TribLIVE

| News


 
Larger text Larger text Smaller text Smaller text | Order Photo Reprints

Weight restrictions placed on 14 Armstrong bridges to comply with state regulations

Louis B. Ruediger | Leader Times
PennDOT officials Joseph Dubovi and James Andrews survey a bridge crossing Little Brush Creek along Route 56 in Brush Valley Township, Indiana County. Thursday September 19, 2013

On the list

PennDOT officials plan to restrict weight limits on 13 structurally-deficient bridges across Armstrong County.

Each of the of the roads are owned by the state, and include:

• Route 66, over Guffy Run, in Parks Township

• Upper Mateer Road, over Carnahan Run, in Parks Township

• Route 839, over Glade Run, in Cowanshannock Township

• Route 1039, over a tributary of the south fork of Pine Creek, in Cowanshannock Township

• Route 2003, over Huskins Run, in Cowanshannock Township

• Route 2003, over Cessna Run, in Plumcreek Township

• Cherry Run Road, over Cherry Run, in Plumcreek Township

• Edyville Road, over Pine Run, in Redbank Township

• Route 1037, over the south fork of Pine Creek, in Wayne Township

• Cherry Run Road, over a tributary to Cherry Run, in Burrell Township

• Jackson Road, over Rattling Run, in Kiskiminetas Townsip

• Pony Farm Road, over Glade Run, in North Buffalo Township

• Seybertown Road, over Sugar Creek, in Brady's Bend Township

• Lemmon Hollow Road, over Glade Run, in East Franklin Township

Friday, Sept. 20, 2013, 12:01 a.m.
 

PennDOT officials plan to place weight restrictions on approximately 1,000 bridges across Pennsylvania because of structural deficiencies, including 14 in Armstrong County.

In PennDOT's District 10, which includes Armstrong, Indiana, Jefferson, Clarion and Butler counties, officials plan to place immediate weight restrictions on 50 bridges.

Each bridge's weight limit is lowered to 80 percent of its legal limit, according to Joseph Dubovi, executive of District 10.

Eight of Armstrong County's 14 structurally deficient bridges reduced weight limits are being posted for the first time, while six have already had their weight limits reduced once and are facing further weight limit reductions, according to a PennDOT report.

For example, officials plan to reduce the weight limit from 14 tons to 12 tons on the Eddyville Road Bridge, over Pine Run, in Redbank, while the Route 66 bridge over Guffy Run in Parks Township, faces a 26-ton weight limit restriction for the first time.

“The number of bridges in Armstrong County is about average for at-risk bridges,” Dubovi said.

The average car and passenger truck ranges from 1.5 to three tons, while a loaded school bus and charter bus range from 17 to 20 tons, according to a PennDOT report. Larger vehicles, including a loaded coal truck, typically weigh 36 tons, while a loaded tractor trailer weighs 40 tons.

Dubovi said state officials inspect bridges every two years to determine their condition and safety rating.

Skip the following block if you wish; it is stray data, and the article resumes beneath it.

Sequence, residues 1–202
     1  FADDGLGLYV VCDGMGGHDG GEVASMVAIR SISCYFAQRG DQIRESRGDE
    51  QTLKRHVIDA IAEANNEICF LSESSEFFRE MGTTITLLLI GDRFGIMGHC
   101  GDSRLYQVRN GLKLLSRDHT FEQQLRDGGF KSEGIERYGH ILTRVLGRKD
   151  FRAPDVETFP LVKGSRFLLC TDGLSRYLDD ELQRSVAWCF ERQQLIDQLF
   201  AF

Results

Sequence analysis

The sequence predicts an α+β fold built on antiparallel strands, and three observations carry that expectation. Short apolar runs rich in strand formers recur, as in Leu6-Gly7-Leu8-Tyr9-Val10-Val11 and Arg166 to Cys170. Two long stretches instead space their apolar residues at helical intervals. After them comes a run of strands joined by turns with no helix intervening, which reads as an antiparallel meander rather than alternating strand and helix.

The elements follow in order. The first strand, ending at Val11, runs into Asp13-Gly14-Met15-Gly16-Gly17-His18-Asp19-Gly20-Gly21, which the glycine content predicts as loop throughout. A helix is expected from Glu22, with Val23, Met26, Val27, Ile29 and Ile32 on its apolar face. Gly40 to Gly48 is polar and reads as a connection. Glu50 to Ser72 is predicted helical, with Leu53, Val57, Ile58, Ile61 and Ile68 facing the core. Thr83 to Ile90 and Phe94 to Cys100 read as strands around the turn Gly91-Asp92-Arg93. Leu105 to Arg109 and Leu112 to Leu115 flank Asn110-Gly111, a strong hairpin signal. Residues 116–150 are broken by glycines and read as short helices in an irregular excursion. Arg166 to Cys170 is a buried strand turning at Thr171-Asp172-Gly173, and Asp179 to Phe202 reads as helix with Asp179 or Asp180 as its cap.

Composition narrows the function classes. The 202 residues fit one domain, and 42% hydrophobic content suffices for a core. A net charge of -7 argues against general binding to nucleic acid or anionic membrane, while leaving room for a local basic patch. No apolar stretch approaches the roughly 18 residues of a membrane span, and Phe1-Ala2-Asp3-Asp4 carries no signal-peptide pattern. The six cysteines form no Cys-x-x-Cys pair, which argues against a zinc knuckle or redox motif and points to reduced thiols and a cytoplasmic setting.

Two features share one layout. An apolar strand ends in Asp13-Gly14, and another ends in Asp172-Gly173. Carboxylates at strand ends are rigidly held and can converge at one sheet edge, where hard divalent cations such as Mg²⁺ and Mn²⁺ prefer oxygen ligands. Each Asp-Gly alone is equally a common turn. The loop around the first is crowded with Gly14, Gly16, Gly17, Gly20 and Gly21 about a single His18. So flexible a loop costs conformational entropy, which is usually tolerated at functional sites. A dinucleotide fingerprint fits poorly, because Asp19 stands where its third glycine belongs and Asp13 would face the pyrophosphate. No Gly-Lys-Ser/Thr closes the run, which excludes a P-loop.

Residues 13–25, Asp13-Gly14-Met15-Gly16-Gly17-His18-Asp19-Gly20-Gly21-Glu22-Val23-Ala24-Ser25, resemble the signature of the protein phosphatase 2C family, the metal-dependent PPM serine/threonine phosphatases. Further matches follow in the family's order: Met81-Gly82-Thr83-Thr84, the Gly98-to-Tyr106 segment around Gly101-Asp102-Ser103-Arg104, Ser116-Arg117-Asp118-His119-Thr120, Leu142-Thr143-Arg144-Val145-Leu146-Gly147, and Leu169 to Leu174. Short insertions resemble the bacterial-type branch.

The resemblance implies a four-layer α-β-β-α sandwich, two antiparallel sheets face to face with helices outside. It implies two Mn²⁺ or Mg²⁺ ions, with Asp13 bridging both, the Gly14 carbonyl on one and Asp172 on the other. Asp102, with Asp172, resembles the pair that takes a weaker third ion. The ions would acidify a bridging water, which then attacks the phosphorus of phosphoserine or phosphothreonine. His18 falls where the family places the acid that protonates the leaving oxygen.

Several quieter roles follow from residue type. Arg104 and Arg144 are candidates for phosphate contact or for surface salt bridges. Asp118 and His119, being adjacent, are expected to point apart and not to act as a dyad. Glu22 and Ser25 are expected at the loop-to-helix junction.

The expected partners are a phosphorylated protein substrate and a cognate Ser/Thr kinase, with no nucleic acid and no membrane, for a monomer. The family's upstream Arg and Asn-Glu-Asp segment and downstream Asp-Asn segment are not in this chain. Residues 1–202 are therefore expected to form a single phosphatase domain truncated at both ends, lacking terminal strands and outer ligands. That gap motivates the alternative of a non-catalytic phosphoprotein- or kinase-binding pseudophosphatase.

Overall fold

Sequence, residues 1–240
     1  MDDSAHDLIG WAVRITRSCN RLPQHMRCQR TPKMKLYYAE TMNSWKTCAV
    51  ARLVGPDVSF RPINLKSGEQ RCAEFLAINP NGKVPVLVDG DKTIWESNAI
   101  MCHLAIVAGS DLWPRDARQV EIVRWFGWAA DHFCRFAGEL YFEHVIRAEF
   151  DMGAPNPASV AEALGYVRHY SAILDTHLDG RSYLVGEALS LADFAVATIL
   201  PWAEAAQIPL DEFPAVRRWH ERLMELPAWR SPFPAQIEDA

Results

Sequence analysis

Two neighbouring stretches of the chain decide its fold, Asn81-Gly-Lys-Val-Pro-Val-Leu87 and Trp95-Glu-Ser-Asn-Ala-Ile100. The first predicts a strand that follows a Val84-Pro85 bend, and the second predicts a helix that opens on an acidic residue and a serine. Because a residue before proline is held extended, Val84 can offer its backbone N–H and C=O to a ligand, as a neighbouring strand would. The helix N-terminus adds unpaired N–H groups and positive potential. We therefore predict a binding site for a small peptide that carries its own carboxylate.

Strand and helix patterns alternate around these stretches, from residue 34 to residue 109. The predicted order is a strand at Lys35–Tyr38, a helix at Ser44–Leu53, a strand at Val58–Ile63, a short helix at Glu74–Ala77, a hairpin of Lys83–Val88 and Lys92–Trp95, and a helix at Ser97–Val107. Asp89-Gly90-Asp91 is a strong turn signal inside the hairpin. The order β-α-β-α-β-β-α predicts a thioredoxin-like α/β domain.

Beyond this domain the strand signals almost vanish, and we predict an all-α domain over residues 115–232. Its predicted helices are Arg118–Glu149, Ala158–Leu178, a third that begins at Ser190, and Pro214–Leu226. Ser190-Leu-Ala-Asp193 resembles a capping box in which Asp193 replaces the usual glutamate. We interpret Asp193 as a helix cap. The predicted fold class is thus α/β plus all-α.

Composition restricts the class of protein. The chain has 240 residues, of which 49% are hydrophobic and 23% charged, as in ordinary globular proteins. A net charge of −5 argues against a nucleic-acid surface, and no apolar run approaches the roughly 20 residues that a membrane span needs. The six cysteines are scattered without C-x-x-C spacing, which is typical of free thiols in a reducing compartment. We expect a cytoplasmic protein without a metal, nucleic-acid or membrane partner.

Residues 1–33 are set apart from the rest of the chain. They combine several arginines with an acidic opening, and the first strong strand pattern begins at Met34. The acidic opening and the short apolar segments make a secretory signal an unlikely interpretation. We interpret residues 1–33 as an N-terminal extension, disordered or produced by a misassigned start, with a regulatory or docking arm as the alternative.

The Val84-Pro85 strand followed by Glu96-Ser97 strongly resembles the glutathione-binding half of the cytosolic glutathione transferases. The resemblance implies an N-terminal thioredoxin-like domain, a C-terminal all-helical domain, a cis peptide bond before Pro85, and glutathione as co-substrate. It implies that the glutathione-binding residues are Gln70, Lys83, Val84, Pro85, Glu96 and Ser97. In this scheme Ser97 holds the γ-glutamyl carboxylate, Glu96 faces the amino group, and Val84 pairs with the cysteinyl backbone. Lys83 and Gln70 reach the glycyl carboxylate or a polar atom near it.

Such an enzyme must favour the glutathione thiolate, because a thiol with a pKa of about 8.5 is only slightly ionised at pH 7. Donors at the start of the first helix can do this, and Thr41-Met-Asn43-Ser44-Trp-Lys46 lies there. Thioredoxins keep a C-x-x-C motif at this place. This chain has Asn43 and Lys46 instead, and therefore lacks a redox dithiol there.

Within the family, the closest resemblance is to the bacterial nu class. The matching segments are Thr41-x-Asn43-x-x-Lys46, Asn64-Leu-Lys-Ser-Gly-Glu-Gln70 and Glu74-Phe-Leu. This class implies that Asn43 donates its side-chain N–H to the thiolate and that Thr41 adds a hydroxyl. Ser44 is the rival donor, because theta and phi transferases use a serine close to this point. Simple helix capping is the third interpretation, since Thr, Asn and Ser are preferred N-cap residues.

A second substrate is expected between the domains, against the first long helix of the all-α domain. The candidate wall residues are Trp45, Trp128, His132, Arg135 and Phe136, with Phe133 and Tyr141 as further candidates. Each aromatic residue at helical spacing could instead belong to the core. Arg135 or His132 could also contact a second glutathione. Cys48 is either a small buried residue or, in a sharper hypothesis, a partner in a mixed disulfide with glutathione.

“There will be more bridges on the weight limit reduction list as our inspectors continue to go out and as our bridges get older,” Dubovi said. “The average age of bridges in Pennsylvania is 51 years, but in District 10, the average age is 56 years.”

During the inspection, officials rank the condition of load-bearing beams, known as the super structure, the bridge piers and abutments and the surface on a scale of zero to nine. Whenever any portion of the bridge structure receives a ranking of four or below, it is labeled structurally deficient, Dubovi said.

Whenever the bridge piers and abutments, or the superstructure, receive a ranking of four, officials reduce the weight limits on the bridge, he added.

“We want to determine if it can still carry loads that are less than their maximum weight limits,” Dubovi said. “We hope to extend the life of these bridges by reducing the load it carries.”

Some of the bridges could carry their weight limits indefinitely, depending on their location and the amount of traffic.

PennDOT officials plan to focus on interstates first, then state routes, such as Route 22, Route28 and Route 66, Dubovi said.

They plan to focus on secondary and local bridges last, he said.

“Federal funding is tightening up, and right now, we don't have enough state funds to address the structures we have that are considered bad,” Dubovi said. “Some of the bridges on smaller roads' weight limits could stay reduced for a very long time.”

Brad Pedersen is a staff writer for Trib Total Media. He can be reached at 724-543-1303, ext. 1337, or bpedersen@tribweb.com.

 

 

 
 


Show commenting policy

Most-Read Armstrong

  1. Dying trees removed from Ford City park
  2. Rayburn businessman honored for charitable work
  3. Kittanning Elks turns into museum during Fort Armstrong fest
  4. Armstrong bridge repair more costly than expected
  5. Heavy rains pour through Armstrong County
  6. Mayflies making Ford City roads slick for drivers
  7. Ford City wrestles with $600K question
  8. Family to rebuild Manor home destroyed by fire
  9. Armstrong Concert Band performing Saturday in Ford Cliff
  10. West Mahoning toddler run over by pickup truck
  11. Locals urged to report, not kill honeybees
Subscribe today! Click here for our subscription offers.